A Bendigo youth employment network says the youth unemployment rate in Bendigo would improve if more students completed Year 12.
Students were limiting their employment opportunities when they left high school early, Goldfields Local Learning Employment network executive officer Anne Brosnan said.
"You really do need to try and complete Year 12," she said. "It's highly unlikely that an apprenticeship or employment is going to be offered at the end of Year 10 because employers are looking for those students who finish Year 12.
"And then it's always good to upskill yourself. So wherever it is, wherever you start, do your very best, but always be looking for other opportunities - even short term certificates. Build what's sitting in your CV."
The latest data from the Australian Bureau of Statistics shows Bendigo has a youth unemployment rate of 8.8 per cent for June 2019.
That figure is down from the 18.3 per cent in December 2018 and 13.6 per cent in March 2019, but an ABS spokesperson said the rate could be higher due to limitations in the way data is collected.
"The labour force survey is designed to provide accurate estimates at the national and state and territory level," an ABS spokesperson said.
"Due to the smaller sample sizes for regional areas, estimates can be more volatile from month to month, particularly when broken down by age and sex."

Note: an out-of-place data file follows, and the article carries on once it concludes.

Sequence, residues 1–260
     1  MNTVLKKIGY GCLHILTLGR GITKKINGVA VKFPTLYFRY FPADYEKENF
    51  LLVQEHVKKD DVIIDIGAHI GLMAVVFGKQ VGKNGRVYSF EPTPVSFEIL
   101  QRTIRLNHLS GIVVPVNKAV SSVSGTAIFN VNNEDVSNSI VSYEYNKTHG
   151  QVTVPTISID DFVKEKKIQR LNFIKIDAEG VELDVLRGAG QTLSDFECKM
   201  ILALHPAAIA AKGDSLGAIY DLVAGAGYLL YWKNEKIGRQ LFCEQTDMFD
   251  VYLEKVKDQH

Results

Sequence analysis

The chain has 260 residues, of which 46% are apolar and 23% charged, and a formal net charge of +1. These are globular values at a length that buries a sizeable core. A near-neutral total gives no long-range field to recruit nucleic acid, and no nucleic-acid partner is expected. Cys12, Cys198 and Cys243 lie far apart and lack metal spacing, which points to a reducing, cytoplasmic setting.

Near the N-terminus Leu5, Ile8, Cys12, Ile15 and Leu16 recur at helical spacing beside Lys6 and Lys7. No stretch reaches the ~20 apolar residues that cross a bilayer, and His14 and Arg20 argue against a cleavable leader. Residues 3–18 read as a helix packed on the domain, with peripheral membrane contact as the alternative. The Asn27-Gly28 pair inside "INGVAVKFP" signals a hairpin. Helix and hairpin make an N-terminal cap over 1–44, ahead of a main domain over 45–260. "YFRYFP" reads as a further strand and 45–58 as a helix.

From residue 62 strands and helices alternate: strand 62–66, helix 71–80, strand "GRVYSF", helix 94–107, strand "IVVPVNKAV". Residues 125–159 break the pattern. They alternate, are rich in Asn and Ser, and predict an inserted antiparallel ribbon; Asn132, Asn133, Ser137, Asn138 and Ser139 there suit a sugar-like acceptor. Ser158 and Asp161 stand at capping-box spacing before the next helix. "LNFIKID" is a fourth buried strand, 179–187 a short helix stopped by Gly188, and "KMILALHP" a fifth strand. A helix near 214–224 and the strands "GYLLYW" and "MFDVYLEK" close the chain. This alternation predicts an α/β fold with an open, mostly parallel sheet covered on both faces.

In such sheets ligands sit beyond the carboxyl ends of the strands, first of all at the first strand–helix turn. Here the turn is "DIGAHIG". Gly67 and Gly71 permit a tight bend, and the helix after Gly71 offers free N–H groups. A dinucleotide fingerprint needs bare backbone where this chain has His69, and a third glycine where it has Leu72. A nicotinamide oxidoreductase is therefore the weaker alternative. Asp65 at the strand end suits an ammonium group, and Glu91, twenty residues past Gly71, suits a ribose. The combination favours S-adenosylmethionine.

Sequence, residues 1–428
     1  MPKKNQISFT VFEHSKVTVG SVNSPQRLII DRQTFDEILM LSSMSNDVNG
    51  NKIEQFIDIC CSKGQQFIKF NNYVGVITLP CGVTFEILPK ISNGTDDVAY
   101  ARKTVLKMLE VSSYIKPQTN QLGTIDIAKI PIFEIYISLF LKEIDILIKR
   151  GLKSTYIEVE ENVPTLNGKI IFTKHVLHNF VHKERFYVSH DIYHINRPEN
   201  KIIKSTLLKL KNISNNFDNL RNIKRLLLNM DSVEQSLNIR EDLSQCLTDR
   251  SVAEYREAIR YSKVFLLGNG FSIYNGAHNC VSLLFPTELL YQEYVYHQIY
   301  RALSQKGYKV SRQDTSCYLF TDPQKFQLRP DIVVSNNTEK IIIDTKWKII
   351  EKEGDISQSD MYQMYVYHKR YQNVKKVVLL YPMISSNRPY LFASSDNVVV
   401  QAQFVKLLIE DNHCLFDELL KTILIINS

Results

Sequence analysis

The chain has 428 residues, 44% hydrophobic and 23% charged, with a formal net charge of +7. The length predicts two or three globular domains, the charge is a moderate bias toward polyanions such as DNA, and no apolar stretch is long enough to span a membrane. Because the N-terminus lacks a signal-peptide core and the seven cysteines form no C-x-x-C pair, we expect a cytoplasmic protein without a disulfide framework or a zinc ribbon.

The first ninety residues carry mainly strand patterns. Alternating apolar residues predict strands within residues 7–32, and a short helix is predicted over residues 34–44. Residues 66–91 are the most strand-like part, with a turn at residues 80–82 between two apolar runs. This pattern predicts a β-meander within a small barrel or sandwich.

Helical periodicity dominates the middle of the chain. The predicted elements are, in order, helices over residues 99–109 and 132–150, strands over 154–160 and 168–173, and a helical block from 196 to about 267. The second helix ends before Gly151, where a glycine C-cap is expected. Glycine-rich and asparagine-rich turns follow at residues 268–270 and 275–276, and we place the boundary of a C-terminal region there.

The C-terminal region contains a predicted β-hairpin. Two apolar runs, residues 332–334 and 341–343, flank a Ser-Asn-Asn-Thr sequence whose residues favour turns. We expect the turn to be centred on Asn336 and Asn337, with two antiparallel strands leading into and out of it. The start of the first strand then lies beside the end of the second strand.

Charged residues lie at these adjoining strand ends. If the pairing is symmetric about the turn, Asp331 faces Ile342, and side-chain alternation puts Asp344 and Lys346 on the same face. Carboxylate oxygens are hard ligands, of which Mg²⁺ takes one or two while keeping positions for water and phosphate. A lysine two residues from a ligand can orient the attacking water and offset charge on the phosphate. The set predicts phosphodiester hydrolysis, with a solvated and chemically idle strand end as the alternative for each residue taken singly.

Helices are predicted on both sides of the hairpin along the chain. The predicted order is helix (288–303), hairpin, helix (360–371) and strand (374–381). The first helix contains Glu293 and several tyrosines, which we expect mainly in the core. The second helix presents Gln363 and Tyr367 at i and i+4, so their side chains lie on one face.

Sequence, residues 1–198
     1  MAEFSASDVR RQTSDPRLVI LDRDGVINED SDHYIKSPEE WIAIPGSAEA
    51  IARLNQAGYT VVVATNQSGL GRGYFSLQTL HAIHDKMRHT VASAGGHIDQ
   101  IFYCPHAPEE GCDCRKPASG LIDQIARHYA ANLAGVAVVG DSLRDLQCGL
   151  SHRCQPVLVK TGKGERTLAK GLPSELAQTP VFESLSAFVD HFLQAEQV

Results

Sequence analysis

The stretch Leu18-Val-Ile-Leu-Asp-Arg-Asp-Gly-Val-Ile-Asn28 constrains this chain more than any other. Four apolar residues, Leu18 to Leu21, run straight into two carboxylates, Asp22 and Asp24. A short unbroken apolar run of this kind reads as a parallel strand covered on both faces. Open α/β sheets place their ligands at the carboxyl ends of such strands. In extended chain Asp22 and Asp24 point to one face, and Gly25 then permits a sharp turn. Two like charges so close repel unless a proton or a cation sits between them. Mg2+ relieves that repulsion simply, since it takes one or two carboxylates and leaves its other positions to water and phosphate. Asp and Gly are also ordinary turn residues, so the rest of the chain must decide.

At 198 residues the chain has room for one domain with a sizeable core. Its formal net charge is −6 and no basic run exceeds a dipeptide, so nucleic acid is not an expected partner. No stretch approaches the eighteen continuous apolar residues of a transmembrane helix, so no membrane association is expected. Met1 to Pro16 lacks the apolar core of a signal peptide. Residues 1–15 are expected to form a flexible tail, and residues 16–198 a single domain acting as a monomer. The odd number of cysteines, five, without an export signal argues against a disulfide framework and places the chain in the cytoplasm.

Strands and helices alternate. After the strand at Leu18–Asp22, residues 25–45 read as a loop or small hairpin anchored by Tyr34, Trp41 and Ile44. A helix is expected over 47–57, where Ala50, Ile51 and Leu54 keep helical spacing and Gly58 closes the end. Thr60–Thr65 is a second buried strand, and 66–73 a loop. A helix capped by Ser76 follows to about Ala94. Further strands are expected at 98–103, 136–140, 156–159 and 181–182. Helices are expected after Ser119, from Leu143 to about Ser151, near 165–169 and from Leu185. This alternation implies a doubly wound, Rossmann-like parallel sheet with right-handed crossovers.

Even at 8.8 per cent, youth unemployment in Bendigo is considerably higher than the national unemployment rate of 5.2 per cent.
CVGT general manger of regional business Vaughan Adams said there needed to be a continued push in the business community to support young people in the workforce.
"People can be unemployed for a range of reasons and there's often no quick answer as to why the unemployment rate is so high," he said. "We are definitely at the higher end of things but there are other regions like Warrnambool where youth unemployment is the lowest in the state.
"Those regions have made a considerable push to employ young people and it seems to be working. I think investing in our young people is important. We all have to play our part.
"In some industries there will be skill shortages down the track and there will not be enough qualified people. We need to give opportunities to young people because they will be filling the jobs of the future."
Ms Brosnan has commended local businesses for providing more and more opportunities for students through the GLLEN program.
She said many students have an "unrealistic picture" of what employees expect of them when the reality was quite simple.
"The technical skills and areas like literacy and numeracy are obviously important but so are the soft skills," she said. "Things like good manners, dedication, and turning up to work on time are all things that employers look for.
"Students also need to be careful with social media and what they put online because employers do look at that. We've had some students turned back from opportunities because of what they posted on Facebook or elsewhere."
Collaboration between the education sector and industry was also key to improving the situation for future generations, Ms Brosnan said.
"The more we can build partnerships between education, business and industry about modern and emerging world of works the more informed students are," she said.
"The more contributions they have from outside the school base, the more they're going to get the help they need."
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